Pro-Democracy Movement Slowly Spreads from Hong Kong to Macau

Police fire tear gas during a protest in the district of Causeway Bay in Hong Kong on August 4, 2019. - Riot police fired tear gas on August 4 at protesters on Hong Kong's main island, the second consecutive night of unrest in a territory battered by weeks of anti-government …
ISAAC LAWRENCE/AFP/Getty Images

China’s nightmare scenario is that Hong Kong’s huge protest movement could spread to other cities – especially Macau, which is only an hour away and also has semi-autonomous “Special Administrative Region” status.

Macau has never been as restless, but there are signs the pro-democracy movement is spreading slowly among its youth, inspired by the dramatic events in Hong Kong.

“While Macau’s youth are not as politically engaged as their counterparts in Hong Kong, a small but increasingly vocal group of youngsters are seeing the protests as a stage to express their grievances and fight for a common cause,” the South China Morning Post reported on Friday.

Macau students told the SCMP they are growing bolder about speaking out as the Hong Kong saga continues, sensing their own government will take a lighter touch with them because it fears touching off anything like the mass protests rocking the other Special Administrative Region. Some of Macau’s youth work in Hong Kong or make frequent visits there, giving them first-hand exposure to the protest movement and an opportunity to participate in demonstrations.

On the other hand, young activists told the SCMP that Macau residents who do not personally visit Hong Kong tend to support its government and police, in part because their access to information is tightly controlled, especially for the large portion of the population that speaks only Chinese and cannot access the more robust Portuguese- and English-language media in their city. Macau politics are shaped by the large number of people who work directly for the city government, which provides generous welfare benefits financed by the thriving casino industry.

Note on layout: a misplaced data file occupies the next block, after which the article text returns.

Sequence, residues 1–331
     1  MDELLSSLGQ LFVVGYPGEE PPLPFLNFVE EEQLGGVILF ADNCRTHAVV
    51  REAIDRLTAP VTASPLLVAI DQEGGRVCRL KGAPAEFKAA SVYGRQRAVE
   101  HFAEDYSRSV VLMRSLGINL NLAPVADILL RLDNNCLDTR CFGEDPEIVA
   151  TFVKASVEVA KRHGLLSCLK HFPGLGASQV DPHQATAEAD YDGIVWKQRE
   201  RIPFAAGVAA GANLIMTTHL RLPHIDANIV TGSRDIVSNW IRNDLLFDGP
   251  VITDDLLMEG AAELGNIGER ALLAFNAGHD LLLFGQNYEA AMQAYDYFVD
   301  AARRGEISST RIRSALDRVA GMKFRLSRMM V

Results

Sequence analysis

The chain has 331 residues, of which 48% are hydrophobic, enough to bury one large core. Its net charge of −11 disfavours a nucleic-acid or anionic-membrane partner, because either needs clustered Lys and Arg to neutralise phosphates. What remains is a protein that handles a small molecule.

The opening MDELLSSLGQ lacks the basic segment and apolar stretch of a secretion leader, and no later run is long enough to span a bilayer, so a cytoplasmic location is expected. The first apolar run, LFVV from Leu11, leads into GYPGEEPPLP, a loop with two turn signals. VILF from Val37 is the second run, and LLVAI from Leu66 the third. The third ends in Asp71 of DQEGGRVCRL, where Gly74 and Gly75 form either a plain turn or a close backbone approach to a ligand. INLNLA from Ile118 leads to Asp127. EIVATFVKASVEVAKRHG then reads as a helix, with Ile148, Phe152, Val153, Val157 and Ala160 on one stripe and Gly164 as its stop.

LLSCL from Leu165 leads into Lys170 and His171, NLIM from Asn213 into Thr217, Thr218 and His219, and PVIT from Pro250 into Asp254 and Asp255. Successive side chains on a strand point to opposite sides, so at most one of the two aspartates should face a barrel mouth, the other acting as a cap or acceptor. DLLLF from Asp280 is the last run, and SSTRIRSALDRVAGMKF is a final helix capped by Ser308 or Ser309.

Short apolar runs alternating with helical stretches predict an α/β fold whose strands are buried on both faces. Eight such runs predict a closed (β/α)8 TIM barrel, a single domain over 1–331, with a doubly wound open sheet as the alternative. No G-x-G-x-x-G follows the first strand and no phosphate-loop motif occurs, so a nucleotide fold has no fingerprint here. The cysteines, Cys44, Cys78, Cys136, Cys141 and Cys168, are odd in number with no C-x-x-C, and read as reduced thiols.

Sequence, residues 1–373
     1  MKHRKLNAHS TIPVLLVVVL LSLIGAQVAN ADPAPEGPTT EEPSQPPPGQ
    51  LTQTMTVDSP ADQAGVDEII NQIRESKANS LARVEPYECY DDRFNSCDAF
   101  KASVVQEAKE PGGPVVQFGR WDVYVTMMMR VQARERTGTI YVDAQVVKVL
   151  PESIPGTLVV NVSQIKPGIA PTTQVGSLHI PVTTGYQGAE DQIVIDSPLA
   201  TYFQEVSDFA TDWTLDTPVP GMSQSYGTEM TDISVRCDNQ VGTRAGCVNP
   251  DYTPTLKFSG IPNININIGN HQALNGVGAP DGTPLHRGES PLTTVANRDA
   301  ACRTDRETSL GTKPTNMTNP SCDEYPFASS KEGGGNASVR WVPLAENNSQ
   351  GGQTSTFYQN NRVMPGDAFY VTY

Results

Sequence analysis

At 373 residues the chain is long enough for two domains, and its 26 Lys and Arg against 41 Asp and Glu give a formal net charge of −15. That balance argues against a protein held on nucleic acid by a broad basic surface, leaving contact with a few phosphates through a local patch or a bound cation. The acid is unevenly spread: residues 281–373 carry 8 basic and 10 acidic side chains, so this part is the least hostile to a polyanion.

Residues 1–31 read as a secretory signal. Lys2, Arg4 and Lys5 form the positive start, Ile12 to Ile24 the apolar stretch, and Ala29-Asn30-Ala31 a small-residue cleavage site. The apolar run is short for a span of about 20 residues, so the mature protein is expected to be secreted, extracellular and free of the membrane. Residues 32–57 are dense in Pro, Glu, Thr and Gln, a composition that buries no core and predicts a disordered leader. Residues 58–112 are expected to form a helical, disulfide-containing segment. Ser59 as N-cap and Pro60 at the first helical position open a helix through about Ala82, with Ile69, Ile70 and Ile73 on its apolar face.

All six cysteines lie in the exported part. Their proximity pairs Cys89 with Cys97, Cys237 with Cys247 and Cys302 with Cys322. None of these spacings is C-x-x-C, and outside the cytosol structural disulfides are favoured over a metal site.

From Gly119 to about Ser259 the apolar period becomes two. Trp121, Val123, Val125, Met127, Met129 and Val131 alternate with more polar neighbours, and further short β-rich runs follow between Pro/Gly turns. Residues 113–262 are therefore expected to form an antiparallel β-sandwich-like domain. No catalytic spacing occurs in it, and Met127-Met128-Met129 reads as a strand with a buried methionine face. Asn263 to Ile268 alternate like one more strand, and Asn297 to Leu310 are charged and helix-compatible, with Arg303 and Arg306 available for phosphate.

Some observers suggest the Portuguese colonial administration of Macau did not run the city as efficiently as the British did in Hong Kong, or work as hard to train local civil servants to take over after control of the two cities returned to China, so Macau had a more positive overall impression of the Chinese takeover and less apprehension about losing precious democratic rights to authoritarian control. Hong Kong demonstrators enjoy mocking China by waving British flags and wishing the colonial administration could return, while Macau seems to have little nostalgia for Portugal.

Macau’s administration is nevertheless nervous enough about the democracy contagion spreading to ban several residents from visiting Hong Kong merely because they were wearing black, a color widely associated with the protest movement. Macau’s politically-aware youth scoffed at this clumsy effort to quarantine their city and rejected efforts to paint the Hong Kong protesters as out-of-control violent radicals.

“In Macau, if you protest or if you openly support the movement, you will probably lose your job, receive threats and be watched by the police,” 20-year-old student Christine Kuok told the SCMP. 

“It’s quite painful for youth like me in Macau. I only feel alive when I am in Hong Kong or in Taiwan,” she said. 

Analysts noted the Macau administration is fairly adept at minimizing that pain by making strategic concessions when protest movements get serious. For example, Macau quietly shelved its own extradition reforms when Hong Kong erupted in outrage over a bill that would make extradition to mainland China easier.

Macau’s young activists seem increasingly angry with the way Beijing and its loyalists in Hong Kong are painting the protesters as unpatriotic, seditious, or working as saboteurs on behalf of Western governments. They are clearly signaling this is an insult they will not tolerate in Macau, and watching Hong Kong protesters get branded as traitors is strengthening the sense of connection between democracy-minded people in both cities.

“Some of them, like myself, want to love the country, but the country doesn’t love me back. We are fighting against a regime,” said one Macau activist.

Macau is definitely feeling the effects of Hong Kong unrest. Casino revenue is beginning to suffer as fears of a Chinese police or military crackdown in Hong Kong grow. The collapse of Hong Kong’s tourist industry due to protests could shift some business in Macau’s direction, but some analysts think the overall impact will be negative as the entire region grows more apprehensive and less appealing to visitors and travel becomes more difficult due to shutdowns of the Hong Kong airport. 

“When you have hundreds of flights canceled out of Hong Kong and some reluctance to travel, I do think that’s impacting the premium end of the business,” Wynn Resorts chief executive Matt Maddox observed this week, bracing the Macau hospitality industry for even worse times to come.

Macau’s generally better economy and lower levels of frustration among its youth are often cited as reasons why it has been more content with Chinese rule than Hong Kong. Regional economic turmoil could change that equation.

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